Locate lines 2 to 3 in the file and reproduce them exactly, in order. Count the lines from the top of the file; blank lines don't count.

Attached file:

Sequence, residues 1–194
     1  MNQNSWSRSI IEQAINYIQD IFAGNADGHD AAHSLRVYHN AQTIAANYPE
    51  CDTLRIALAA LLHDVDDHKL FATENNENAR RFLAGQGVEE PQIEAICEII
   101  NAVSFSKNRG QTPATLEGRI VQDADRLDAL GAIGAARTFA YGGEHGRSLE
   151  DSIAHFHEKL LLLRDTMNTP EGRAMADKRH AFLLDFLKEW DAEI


     1  MNQNSWSRSI IEQAINYIQD IFAGNADGHD AAHSLRVYHN AQTIAANYPE
    51  CDTLRIALAA LLHDVDDHKL FATENNENAR RFLAGQGVEE PQIEAICEII